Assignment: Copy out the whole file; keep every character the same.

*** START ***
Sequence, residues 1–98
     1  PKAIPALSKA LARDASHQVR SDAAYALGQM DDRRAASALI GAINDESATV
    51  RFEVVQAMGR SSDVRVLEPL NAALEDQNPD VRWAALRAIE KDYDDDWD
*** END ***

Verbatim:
Sequence, residues 1–98
     1  PKAIPALSKA LARDASHQVR SDAAYALGQM DDRRAASALI GAINDESATV
    51  RFEVVQAMGR SSDVRVLEPL NAALEDQNPD VRWAALRAIE KDYDDDWD